This haphazardness is annoying in small ways (the editors of Paid tell us the exact serial numbers of the National Science Foundation grants that funded some of the research, but neglect to give us any background – bios, affiliations, anything – about the writers who cheerfully contributed to the book) but winds up being part of this volume's charm. The logic here is digression and tangent – and, thankfully, in many of the essays, the meandering approach pays off.
Perhaps my favorite entry in Paid seems to have little to do with modes of payment. Keith Hart, the economic anthropologist who coined the phrase “informal economy” to describe the multitude of ways people did business on the streets of Accra, Ghana, offers a gentle confession, admitting that he funded his stay in the Ghanaian capital in the 1960s though his own entry into the illicit economy he was studying. Hart bankrolled a thriving illegal business as a money lender and a fence of stolen property (he was the behind-the-scenes guy, his landlord, Ananga, the public face of the enterprise). “I extended my fieldwork by eighteen months solely on the revenues of my business,” he reports, adding that his foray into illicit trade gave him additional compensation because it was also how he got some of his richest field notes.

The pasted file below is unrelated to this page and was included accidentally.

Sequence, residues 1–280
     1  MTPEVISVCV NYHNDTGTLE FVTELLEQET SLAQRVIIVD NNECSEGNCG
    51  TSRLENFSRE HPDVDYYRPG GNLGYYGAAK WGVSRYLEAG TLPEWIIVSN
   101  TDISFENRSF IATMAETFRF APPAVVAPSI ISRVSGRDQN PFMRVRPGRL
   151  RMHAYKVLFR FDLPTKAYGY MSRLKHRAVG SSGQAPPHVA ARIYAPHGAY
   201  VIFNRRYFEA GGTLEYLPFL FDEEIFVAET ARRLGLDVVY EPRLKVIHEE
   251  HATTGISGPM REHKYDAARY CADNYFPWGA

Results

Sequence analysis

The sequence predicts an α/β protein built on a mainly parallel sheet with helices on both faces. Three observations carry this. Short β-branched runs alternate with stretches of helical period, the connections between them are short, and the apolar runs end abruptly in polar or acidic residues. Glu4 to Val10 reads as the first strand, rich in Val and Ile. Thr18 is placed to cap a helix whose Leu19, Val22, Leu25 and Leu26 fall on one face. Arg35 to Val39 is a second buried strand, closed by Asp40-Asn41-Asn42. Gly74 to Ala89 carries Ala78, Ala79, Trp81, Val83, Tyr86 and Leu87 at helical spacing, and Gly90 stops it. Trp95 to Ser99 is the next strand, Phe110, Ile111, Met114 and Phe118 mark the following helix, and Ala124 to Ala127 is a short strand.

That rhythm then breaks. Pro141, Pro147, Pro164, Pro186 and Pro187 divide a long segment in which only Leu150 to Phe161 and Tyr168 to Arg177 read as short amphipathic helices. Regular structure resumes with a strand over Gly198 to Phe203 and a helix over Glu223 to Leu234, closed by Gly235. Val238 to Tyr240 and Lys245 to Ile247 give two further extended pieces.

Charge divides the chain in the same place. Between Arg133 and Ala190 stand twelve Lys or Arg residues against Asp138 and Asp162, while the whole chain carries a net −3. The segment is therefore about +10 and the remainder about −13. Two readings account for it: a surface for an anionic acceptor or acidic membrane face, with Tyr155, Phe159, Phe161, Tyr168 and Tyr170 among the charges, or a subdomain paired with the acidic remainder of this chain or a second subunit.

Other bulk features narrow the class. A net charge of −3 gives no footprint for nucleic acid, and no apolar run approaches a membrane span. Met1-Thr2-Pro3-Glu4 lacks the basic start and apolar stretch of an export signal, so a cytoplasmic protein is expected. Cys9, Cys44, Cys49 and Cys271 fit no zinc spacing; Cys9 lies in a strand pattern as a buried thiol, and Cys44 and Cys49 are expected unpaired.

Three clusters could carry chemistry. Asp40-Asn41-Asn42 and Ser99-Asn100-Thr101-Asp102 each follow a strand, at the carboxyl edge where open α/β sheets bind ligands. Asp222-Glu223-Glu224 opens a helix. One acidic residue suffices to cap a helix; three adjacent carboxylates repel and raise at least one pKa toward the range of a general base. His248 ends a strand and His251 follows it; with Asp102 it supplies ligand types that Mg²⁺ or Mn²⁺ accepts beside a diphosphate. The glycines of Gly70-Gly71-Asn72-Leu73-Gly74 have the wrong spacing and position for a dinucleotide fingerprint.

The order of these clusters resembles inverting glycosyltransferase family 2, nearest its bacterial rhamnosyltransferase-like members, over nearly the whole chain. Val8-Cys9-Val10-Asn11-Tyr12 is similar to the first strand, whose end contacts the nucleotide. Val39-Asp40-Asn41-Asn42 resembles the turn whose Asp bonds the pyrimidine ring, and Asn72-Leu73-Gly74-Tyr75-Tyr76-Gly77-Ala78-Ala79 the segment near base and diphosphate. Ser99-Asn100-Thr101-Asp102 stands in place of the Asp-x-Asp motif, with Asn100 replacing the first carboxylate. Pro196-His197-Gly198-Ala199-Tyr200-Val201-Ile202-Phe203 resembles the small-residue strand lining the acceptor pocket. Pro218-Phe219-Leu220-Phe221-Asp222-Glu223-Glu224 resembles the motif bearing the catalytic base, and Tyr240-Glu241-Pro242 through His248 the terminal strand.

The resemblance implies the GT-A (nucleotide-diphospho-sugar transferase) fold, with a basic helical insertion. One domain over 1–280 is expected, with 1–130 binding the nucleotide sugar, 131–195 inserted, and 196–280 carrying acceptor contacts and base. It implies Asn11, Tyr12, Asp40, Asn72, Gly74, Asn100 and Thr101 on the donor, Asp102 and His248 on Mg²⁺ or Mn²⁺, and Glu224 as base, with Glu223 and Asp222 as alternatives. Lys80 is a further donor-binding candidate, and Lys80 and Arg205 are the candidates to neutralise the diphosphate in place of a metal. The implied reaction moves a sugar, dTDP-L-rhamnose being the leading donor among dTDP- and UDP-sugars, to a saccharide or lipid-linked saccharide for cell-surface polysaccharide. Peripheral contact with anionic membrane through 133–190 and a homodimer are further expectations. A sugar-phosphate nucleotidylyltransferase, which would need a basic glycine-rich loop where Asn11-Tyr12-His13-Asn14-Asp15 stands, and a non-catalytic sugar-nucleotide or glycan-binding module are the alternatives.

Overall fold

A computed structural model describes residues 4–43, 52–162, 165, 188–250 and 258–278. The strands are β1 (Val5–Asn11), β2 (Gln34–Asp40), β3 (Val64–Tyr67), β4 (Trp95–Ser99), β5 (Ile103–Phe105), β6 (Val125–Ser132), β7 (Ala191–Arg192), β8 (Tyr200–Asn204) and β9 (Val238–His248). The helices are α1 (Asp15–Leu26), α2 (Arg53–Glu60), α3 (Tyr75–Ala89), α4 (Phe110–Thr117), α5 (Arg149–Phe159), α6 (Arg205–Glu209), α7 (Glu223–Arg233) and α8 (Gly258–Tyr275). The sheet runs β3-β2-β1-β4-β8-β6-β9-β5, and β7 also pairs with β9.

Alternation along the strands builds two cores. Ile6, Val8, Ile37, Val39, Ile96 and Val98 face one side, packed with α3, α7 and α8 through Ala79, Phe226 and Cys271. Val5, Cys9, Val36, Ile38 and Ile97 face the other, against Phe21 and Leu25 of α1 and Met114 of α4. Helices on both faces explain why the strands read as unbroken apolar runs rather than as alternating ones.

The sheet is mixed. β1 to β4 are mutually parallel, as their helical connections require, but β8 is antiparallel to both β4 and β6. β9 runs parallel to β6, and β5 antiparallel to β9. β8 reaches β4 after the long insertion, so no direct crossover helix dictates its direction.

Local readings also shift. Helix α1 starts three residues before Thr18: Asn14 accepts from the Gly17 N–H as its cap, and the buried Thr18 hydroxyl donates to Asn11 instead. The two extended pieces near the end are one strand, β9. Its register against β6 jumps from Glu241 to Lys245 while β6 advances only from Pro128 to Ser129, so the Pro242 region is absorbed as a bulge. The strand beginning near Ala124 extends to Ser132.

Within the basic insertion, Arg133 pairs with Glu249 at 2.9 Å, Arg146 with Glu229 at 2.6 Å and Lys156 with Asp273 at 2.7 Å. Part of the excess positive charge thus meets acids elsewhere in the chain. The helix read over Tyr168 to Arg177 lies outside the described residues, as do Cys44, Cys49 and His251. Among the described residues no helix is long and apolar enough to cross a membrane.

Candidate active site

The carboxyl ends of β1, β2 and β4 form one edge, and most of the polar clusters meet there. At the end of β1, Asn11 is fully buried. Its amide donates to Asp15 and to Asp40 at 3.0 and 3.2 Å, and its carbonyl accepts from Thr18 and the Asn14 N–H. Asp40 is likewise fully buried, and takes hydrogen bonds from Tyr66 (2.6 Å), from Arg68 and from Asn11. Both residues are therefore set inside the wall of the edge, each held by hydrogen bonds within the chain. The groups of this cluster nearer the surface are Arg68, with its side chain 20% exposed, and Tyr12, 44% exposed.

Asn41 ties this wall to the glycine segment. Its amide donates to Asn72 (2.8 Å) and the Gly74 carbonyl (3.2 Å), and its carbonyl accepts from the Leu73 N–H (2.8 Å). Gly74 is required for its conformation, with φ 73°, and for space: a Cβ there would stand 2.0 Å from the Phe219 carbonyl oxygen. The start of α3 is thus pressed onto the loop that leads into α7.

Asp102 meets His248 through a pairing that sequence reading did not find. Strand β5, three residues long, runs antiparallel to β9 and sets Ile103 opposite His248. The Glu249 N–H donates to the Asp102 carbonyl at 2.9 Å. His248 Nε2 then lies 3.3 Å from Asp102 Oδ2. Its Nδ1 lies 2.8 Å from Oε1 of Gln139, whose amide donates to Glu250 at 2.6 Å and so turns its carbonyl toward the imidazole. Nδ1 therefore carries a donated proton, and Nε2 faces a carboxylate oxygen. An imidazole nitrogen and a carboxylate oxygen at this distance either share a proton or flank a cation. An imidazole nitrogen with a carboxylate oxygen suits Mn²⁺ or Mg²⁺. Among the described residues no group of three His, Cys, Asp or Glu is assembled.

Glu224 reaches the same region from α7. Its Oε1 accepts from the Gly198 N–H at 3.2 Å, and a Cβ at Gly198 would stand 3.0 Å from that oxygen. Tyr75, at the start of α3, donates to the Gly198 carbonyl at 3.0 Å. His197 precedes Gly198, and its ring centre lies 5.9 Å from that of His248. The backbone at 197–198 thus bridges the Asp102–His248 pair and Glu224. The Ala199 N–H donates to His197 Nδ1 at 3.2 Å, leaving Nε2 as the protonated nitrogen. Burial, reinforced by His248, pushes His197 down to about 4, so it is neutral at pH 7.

Understandably, Hart felt guilty about his profitable doings, so he hosted “large rice, beer, and sheep parties” and gave sandals and blankets to the needy. This gift economy, he notes, turned out to be a good business strategy, too: “I was now seen as a big man redistributing to the people and became even more popular with the thieves.”
Hart fondly remembers a bunch of soldiers who were outraged when he couldn’t exchange a wad of out-of-date Egyptian currency, and asks, “What do you say to a disappointed soldier with a Kalashnikov?”
You can’t read Hart's piece and not agree that “money is a means of communication.”